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A bad Red Sox season suddenly gets a lot worse

John Farrell’s lymphoma was discovered when the manager had hernia surgery this week.Barry Chin/Globe staff/file 2013

It is a punch to the gut.

Red Sox manager John Farrell has cancer. Stage 1 lymphoma.

Back from a three-city road trip, one in which he underwent hernia surgery while the team was in Detroit, Farrell opened his daily Fenway Park press conference Friday by announcing that he has cancer and will turn the team over to bench coach Torey Lovullo while he prepares for chemotherapy next week at Massachusetts General Hospital.

The cancer was discovered during Farrell’s hernia surgery.

“Any time the word ‘cancer’ comes up, it stops you in your tracks,’’ said the manager. “It certainly did me.


“It’s localized. It’s highly curable. I’m extremely fortunate to not only be with people like the Red Sox, but also associated with MGH.”

It’s a shocker on many levels.

Everyone likes John Farrell. He’s a proverbial man’s man, a stand-up guy. He steered the Sox to a world championship in his first year as the Boston manager in 2013.

Things have not gone well with the local nine since that season. The Sox are bound to finish in last place for the second straight season. But even in bad times Farrell has commanded respect and dodged the slings and arrows that traditionally puncture the man in the corner office on Yawkey Way.

In a season of chaos and disappointment, Farrell has been a pillar of class and dignity.

Now the American League East is secondary. Now it becomes about real life.

The Red Sox have been down this path many times. Next week, Fenway will be the home base of the annual WEEI/NESN Jimmy Fund Telethon, an event that raises millions in the quest to eradicate cancer. Outgoing Sox CEO/president Larry Lucchino was twice treated for cancer at Dana-Farber. Ace lefty Jon Lester was successfully treated for anaplastic large cell lymphoma in 2006-07. Popular broadcaster Jerry Remy was treated for lung cancer, and most recently, studio host Tom Caron, a 20-year veteran of NESN, had a mass removed from his chest that turned out to be a form of lymphoma.


Now the universally respected manager is stepping away for treatment.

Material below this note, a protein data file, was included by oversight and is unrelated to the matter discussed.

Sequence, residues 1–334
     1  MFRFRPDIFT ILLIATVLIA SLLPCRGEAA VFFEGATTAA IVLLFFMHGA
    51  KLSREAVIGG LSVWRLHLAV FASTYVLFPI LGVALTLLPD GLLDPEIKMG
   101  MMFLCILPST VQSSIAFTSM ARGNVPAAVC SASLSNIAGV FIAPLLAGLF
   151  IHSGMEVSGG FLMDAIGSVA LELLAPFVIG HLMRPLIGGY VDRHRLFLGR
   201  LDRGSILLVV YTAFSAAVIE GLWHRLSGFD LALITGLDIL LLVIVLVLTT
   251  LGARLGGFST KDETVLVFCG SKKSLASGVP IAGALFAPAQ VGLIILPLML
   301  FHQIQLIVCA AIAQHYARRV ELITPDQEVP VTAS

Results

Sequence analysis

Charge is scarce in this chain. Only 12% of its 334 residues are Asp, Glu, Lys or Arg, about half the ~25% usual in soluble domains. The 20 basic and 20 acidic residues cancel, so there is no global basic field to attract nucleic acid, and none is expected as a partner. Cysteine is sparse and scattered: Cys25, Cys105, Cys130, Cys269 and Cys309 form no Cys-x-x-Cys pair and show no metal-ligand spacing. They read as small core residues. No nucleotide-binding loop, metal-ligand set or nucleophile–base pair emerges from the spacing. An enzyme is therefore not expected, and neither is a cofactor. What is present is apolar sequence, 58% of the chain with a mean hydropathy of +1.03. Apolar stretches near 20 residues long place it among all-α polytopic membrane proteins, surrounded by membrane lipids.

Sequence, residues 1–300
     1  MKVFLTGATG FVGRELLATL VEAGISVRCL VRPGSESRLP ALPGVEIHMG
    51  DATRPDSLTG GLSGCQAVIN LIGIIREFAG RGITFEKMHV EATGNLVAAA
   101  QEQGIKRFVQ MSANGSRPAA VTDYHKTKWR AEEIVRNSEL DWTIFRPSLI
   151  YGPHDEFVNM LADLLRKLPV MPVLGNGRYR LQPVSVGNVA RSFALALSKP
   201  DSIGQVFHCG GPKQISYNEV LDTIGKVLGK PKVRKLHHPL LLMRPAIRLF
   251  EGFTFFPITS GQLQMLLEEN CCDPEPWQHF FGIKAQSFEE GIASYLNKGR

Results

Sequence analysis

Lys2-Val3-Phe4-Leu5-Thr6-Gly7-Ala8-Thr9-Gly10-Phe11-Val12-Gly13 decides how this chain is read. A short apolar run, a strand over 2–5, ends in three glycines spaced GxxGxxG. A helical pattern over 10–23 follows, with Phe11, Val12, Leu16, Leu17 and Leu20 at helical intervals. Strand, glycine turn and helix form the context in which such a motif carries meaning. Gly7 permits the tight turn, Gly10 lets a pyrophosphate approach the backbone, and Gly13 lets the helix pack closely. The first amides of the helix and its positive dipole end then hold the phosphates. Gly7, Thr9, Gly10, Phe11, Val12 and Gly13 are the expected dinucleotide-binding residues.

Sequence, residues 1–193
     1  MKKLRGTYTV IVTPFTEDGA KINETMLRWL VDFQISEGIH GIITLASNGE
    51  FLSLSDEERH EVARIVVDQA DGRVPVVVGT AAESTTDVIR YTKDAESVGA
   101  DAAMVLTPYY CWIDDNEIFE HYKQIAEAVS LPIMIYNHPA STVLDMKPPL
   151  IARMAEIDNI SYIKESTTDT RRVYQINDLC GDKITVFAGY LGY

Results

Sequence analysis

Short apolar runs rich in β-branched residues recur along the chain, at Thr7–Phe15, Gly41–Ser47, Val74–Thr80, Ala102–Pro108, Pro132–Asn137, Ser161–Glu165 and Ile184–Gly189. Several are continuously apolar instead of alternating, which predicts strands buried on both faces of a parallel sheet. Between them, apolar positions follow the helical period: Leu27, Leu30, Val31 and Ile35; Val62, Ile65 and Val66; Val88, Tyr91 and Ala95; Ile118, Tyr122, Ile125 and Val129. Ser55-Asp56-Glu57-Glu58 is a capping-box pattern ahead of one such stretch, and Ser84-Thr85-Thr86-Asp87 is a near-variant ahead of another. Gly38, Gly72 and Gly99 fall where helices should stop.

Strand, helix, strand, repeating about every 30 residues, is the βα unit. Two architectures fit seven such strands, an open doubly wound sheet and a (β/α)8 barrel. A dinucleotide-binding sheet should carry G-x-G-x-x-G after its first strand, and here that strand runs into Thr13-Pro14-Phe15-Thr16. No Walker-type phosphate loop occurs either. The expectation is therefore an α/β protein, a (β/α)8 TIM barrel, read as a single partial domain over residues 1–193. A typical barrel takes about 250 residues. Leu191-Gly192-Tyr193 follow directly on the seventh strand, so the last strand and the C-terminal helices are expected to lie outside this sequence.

Under normal conditions, Farrell would be joining Caron at the temporary telethon desk under the stands at Fenway Tuesday. The manager would make a pledge and a pitch. He would talk about the great work that’s done at the Jimmy Fund clinic. He would tell stories of interacting with kids when “play lady” Lisa Scherber of Dana-Farber brings teenaged patients to Fort Myers, Fla., every spring.

Farrell would remind us that there is still work to be done. We can’t stop the fund-raising until all patients are cured.

It’s different now. Farrell is one of the patients. He will be in the thoughts and prayers of everyone at Fenway throughout the rest of the season.

“We love John,’’ said Sox de facto captain Dustin Pedroia. “We go through a lot together every day.

“He’s managing 25 guys’ lives, not just baseball, so he’s important to each and every one of us. We need him to get better, and he will.’’

Farrell is a Jersey guy. He graduated from high school in 1980 and pitched parts of eight seasons in the big leagues. He was Terry Francona’s teammate with the Indians in 1988 and the two became friends for life. Their wives were friends. Their kids were friends.


Farrell joined Francona’s Red Sox staff as pitching coach in 2007 and was part of the team’s second world championship of this century. As recently as last winter, Farrell and Francona were part of a major league All-Star team that toured Japan.

Farrell managed the Toronto Blue Jays in 2011 and 2012, and the Red Sox were desperate to hire him when Francona was fired after the 2011 season. But the Blue Jays would not let him out of his contract. Farrell came on board after the Bobby Valentine disaster of 2012, and immediately won a World Series.

At 6 feet 4 inches, Farrell is an imposing presence. Sox righty Clay Buchholz once said he was “afraid” of Farrell. Some of that fear seemed to be missing this year. There were times when the Sox seemed undisciplined and played without urgency. Through the toughest of days, Farrell remained loyal to his players. Anger and discipline were saved for the privacy of the manager’s office.

Red Sox/Globe owner John Henry pledged his support to Farrell when the Sox struggled early in the summer. Publicly, that support has not wavered.

There will be plenty of support now as Farrell leaves the team for the remainder of the season.

Never one to take himself too seriously, Farrell engaged in a little dark humor while making his grim announcement. When reporters tactfully asked him about coming back to manage the team in 2016, Farrell perked up and said, “I hope I’m back.’’


A horrible Red Sox season got a lot worse Friday, but it was a reminder that there are things far more important than wins and losses. “Wait till next year’’ has never been more appropriate.

John Farrell will be back.

Dan Shaughnessy is a Globe columnist. He can be reached at dshaughnessy@globe.com. Follow him on Twitter @Dan_Shaughnessy.